When the MGEV program concept was developed more than 40 years ago in Washington, Extension agents were in dire need of volunteers to help answer plant and gardening questions that came to the Extension office. Plant clinics were also offered in area shopping malls. If you have worked the phones or office “help desk” or conducted a plant clinic at a farmer’s market or other venue, you know that this is still a huge area of need for Extension and that questions from the public can have a huge range. If there is one thing that MGEVs should do very well, it is to set up a great “help desk” or “plant clinic” station for answering those public questions. Here are some tips for doing so:
- Discuss with your agent. Discuss the idea of a “help desk” or “plant clinic” station with your local agent. Is this a resource that is needed? Will it benefit the local office and community? Can the agent provide back-up for hard-to-answer questions or for topics on which MGEVs are not trained?
- Create a schedule. If you are in a county with a large population or call/visit volume, you may need to offer hours to the public five days a week. If you have a small amount of office traffic, consider choosing two time slots a week. Ask the agent or the office staff when the peak number of questions come in and schedule volunteer services during those times. Set a schedule, find volunteers to staff the station during these hours, and promote the schedule to the public.
- Decide on a location. Is there space for a station in the office? Should these types of services be offered at a public venue, such as a shopping mall or a farmers’ market? Where will the public find your service? Where will you best meet the public?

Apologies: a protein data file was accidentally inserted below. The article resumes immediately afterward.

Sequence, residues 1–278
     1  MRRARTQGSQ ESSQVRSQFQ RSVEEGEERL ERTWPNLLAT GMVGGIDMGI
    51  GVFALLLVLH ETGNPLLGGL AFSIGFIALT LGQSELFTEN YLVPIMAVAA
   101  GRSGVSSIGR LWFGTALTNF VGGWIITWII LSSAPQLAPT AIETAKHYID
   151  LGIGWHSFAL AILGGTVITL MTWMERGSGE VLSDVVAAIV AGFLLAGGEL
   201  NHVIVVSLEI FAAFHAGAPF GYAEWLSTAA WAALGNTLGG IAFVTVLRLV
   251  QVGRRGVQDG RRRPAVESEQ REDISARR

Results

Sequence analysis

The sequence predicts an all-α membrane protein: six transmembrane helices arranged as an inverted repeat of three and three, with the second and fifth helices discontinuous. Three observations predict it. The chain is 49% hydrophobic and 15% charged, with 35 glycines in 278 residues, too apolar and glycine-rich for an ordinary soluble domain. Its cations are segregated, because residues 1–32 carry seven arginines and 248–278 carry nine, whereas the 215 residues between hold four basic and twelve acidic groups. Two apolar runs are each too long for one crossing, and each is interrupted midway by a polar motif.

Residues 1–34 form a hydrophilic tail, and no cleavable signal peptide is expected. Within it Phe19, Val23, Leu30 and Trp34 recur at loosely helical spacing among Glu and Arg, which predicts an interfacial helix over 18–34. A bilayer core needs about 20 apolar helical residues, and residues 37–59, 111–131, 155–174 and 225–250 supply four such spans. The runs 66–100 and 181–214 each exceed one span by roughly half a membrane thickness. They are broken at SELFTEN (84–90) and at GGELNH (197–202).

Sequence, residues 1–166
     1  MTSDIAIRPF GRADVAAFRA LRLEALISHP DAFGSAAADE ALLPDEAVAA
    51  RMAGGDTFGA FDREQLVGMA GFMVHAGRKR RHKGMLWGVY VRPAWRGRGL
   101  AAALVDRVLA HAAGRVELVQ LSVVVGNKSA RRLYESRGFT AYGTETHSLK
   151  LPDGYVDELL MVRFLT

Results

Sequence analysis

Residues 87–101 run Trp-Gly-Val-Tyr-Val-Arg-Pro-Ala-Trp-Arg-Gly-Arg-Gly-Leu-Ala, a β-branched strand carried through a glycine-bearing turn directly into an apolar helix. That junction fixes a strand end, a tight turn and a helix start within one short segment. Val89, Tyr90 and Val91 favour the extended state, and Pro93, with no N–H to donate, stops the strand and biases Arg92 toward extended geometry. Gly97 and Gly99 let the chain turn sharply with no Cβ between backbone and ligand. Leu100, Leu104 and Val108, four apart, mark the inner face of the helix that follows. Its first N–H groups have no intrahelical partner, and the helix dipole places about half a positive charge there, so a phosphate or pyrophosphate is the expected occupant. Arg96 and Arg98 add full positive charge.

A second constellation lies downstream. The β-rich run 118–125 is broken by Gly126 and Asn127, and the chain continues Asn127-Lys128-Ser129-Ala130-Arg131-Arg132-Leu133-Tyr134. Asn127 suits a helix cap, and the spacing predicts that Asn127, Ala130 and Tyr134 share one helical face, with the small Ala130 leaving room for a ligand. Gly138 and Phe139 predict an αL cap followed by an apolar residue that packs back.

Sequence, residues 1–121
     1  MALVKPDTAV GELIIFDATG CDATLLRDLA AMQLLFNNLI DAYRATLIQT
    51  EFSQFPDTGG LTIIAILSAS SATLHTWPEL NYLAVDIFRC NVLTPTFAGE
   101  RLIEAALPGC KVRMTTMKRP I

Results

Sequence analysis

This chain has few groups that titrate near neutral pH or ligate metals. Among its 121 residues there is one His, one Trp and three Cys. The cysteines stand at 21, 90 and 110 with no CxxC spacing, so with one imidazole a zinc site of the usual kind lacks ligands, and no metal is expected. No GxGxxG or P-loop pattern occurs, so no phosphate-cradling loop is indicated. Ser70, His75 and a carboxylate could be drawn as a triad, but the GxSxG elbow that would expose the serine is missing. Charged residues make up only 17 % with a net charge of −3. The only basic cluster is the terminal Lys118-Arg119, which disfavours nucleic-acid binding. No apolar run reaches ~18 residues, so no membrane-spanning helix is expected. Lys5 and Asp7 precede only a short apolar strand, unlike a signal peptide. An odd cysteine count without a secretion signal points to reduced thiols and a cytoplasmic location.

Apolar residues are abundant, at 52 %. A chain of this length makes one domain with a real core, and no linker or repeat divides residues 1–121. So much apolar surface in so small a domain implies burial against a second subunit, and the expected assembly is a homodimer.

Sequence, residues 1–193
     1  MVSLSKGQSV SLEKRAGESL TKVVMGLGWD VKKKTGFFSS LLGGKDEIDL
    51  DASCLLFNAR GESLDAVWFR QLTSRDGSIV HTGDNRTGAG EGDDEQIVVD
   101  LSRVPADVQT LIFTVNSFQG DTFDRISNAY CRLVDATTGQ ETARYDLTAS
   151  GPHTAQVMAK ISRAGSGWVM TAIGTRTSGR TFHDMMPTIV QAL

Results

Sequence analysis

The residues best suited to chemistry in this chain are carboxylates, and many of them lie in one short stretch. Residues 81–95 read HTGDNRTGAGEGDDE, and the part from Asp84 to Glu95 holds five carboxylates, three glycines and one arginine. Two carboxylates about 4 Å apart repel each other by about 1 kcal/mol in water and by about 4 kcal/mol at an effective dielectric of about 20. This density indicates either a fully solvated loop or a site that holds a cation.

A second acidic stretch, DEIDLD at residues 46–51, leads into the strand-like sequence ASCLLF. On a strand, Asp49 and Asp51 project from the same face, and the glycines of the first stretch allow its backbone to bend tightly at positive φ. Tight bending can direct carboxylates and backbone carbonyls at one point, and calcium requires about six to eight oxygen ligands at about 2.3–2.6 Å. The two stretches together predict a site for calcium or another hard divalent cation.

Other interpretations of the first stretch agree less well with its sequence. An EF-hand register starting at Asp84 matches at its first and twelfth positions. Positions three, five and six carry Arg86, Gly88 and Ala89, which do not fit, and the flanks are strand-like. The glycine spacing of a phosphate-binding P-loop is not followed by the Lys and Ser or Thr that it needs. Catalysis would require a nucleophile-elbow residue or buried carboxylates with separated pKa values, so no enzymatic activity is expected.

- Gather supplies. You will need basic supplies, such as note paper, message pads, and pencils, when conducting a clinic or help desk. You will need reference materials to research answers. A Georgia Pest Management Handbook is essential for making any sort of pesticide recommendations for a correctly identified pest or disease. Stock your clinic box with soil test kits and extra copies of seasonal or timely Extension publications. Include a UGA MGEV program “Ask a Master Gardener” banner to identify your station. Activity reports will help capture the number of people you have helped during each clinic or session. Be sure to pass along to the agent any questions for which you are not trained to answer or that you cannot answer. If you are creating a station at the Extension office, it is worthwhile to invest in reference texts. Watch for a list of recommended texts on Trellis. Other supplies, such as a hand lens, magnifying glass, tweezers, probes, alcohol, or a microscope, can be added over time.
- Market your services. Make the public aware of this fantastic service! Promote your schedule in local newspapers, community blogs and Facebook pages, and any other place where people go for information. Schedule clinics in locations where you will encounter lots of people who may have gardening questions. Work with the local agent to determine the most effective locations for these types of events. Make sure that the agent and local office know when and where MGEVs will be hosting a clinic or help desk so that they can respond to calls to the office.
- Keep track of your results! Using a logbook or other activity record, you can make sure that questions are answered in a timely manner. If questions cannot be answered in the current shift, they can be passed on to the next scheduled volunteers. Keep a record of the contacts that have received services from your help desk or clinic so that your agent can report this each month through GA COUNTS. It will also help you to see patterns and trends in questions and volume.
- Keep your skills sharp! Working a help desk or clinic makes you quickly aware of what you don’t know. Be sure to ask your agent for help, perhaps a special training session for MGEVs working the clinics or help desks or a heads-up on seasonal items about which you will experience a high volume of calls. Look for Advanced Training in diagnostic topics that will help you answer more questions.
Be sure to share your Help Desk or Plant Clinic photos on the Master Gardener Facebook page!
(previously published in The Volunteer Vine, Volume 5, August 2013)